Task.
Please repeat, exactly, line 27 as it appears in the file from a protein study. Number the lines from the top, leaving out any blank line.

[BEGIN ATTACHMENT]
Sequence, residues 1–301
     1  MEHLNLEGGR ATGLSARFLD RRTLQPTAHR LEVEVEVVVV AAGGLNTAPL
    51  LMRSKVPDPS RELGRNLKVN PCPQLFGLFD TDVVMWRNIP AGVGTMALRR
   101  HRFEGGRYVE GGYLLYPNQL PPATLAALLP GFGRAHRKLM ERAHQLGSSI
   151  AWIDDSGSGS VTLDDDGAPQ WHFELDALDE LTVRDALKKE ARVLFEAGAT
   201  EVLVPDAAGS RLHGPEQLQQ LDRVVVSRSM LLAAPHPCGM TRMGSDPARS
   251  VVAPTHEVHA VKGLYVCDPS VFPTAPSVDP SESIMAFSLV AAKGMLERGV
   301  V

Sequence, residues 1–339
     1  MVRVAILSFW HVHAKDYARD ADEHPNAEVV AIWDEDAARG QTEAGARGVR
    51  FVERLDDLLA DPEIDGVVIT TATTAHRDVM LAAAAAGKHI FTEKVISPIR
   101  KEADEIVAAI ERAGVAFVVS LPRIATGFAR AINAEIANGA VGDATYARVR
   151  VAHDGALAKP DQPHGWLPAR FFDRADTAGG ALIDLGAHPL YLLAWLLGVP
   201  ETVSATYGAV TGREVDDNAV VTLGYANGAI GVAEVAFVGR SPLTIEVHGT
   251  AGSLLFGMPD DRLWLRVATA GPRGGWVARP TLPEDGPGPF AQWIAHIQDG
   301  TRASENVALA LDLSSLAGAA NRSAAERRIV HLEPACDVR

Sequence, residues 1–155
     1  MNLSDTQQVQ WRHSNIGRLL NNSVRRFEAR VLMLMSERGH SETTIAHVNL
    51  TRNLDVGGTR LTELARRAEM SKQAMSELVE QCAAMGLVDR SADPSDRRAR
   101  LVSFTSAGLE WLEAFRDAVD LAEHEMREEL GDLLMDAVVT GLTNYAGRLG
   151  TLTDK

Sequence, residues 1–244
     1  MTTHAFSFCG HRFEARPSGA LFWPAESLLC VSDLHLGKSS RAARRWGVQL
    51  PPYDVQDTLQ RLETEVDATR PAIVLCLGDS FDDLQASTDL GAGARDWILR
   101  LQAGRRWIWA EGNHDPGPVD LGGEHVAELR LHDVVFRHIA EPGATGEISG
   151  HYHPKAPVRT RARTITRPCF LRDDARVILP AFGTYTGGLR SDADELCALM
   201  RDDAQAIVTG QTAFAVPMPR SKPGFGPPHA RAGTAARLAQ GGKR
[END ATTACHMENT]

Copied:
   201  RDDAQAIVTG QTAFAVPMPR SKPGFGPPHA RAGTAARLAQ GGKR